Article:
In considering how our interpretation of the Bible resonates withloving God and our neighbour, I have been greatly moved by whatBishop Desmond Tutu said in a sermon at Southwark Cathedral in2004:

"The Jesus I worship is not likely to collaborate with those whovilify and persecute an already oppressed minority. I myself couldnot have opposed the injustice of penalizing people for somethingabout which they could do nothing - their race - and then have keptquiet as women were being penalized for something they could donothing about - their gender, and hence my support inter alia, forthe ordination of women to the priesthood and the episcopate. Andequally", he said, "I could not myself keep quiet whilst peoplewere being penalized for something about which they could donothing, their sexuality. For it is so improbable that any sane,normal person would deliberately choose a lifestyle exposing him orher to so much vilification, opprobrium and physical abuse, evendeath. To discriminate against our sisters and brothers who arelesbian or gay on grounds of their sexual orientation, for me is astotally unacceptable and unjust as Apartheid ever was".

We need to grapple with what our interpretations of scripture haveto say about God to people around us, particularly those whostruggle with the possibility of a loving God as they suffer fromabuse, prejudice or rejection, from mental health problems or thestress of over work or unemployment. Being church, helping eachother to hear God speak through the Bible today.

Transformed, we find ourselves seeking, like those firstdisciples, to be agents of transformation in the world around us.As we learn to love ourselves as people loved by God, this has agreat impact on the command to love our neighbour as ourselves. AsBono said at a recent awards ceremony - Jesus reminded us to loveour neighbours as ourselves, not as a piece of advice, but as acommandment.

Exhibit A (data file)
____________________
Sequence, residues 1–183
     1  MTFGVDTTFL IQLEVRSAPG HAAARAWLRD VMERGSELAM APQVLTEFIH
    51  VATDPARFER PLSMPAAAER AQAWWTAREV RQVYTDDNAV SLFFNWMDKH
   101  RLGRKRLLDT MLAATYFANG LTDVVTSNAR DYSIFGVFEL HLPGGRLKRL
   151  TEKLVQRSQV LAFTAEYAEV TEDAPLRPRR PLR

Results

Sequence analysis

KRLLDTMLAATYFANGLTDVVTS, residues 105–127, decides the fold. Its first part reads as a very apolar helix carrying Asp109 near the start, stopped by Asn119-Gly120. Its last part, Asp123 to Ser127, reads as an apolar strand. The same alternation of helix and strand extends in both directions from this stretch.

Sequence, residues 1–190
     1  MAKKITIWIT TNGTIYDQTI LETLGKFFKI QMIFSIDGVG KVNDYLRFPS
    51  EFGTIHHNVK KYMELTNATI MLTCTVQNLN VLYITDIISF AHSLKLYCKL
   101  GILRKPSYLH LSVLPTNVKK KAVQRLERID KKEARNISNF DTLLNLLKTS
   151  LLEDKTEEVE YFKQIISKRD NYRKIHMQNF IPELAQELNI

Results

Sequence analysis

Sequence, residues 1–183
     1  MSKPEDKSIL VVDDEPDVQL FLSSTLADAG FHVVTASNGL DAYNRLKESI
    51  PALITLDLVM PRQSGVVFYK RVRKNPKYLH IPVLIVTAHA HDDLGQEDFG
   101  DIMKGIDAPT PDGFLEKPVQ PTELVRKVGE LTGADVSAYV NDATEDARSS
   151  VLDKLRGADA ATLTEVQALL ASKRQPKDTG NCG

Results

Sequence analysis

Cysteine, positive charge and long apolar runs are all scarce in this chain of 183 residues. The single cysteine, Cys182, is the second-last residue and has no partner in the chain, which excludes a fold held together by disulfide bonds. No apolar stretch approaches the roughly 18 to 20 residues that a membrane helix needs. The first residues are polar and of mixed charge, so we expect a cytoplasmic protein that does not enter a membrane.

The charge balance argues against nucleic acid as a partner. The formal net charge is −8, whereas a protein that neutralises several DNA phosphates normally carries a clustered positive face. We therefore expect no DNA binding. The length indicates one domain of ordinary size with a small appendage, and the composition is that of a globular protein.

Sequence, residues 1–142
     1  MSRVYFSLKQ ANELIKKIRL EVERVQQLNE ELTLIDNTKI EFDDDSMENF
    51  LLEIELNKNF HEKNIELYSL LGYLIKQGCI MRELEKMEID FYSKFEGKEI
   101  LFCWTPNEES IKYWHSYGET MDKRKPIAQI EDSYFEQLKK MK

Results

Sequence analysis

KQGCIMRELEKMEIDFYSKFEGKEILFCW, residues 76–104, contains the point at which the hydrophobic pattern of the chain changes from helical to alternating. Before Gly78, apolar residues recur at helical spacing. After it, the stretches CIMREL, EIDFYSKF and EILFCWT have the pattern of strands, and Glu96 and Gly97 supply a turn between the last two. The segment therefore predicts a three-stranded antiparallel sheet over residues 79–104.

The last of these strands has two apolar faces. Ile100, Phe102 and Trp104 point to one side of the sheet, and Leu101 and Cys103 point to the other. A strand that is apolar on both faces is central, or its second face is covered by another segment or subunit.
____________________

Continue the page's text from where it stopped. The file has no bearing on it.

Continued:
The Conference report "Called to Love and Praise", looking atChurch in a Methodist context asked what kind of community a churchmight be and the answers given were:
* A community of all ages, different races, varying backgroundsand occupations - richly diverse, but united around the Lord'sTable.
* A community which praises God.
* A community nourished each week by great songs of faith, byprayers steeped in the wealth of the Christian tradition andcontemporary experience, and by preaching which engages withcontemporary life and with the Bible at depth and with integrity.(Maybe this won't be read literally for fresh expressions)
* A community whose warm fellowship is matched by the warmth ofits welcome, offering a 'home from home' for all who willcome.
* A community bearing, but not bowed down by, particular acts ofservice to which it has been called in its particular time andplace.
* A community resilient with the hope inspired by a vision ofGod's kingdom.
* A community committed to working for justice and peace.
* A community the daily lives of whose members make it easier forothers to believe in the goodness of God.
* A community gentle with each others' failures, as each sustainsand is sustained by others through forgiveness, love andprayer.
* A community characterized by joy.

When we see the disciples in our second reading, from the book ofActs, something dramatic seems to have happened to them. They havebeen empowered to go out and share the good news. They are part ofa community that exists for the sake of others. They are being truefollowers of Jesus - being church. They were not perfect but inspite of their failures God was able to use them and wants to useus.

Jesus offered peace, showed what God was like in word and actionthen sent his disciples out to share what they haddiscovered.

That is what we are being asked to do today, all of us, not justthose who are, or are being, ordained but all of us who are calledto be Church.

In being Church let us see that we too can be transformed andtransforming, a community which moves from cowering behind ourclosed doors to being a community that shows what God is like andshares the love of God with others.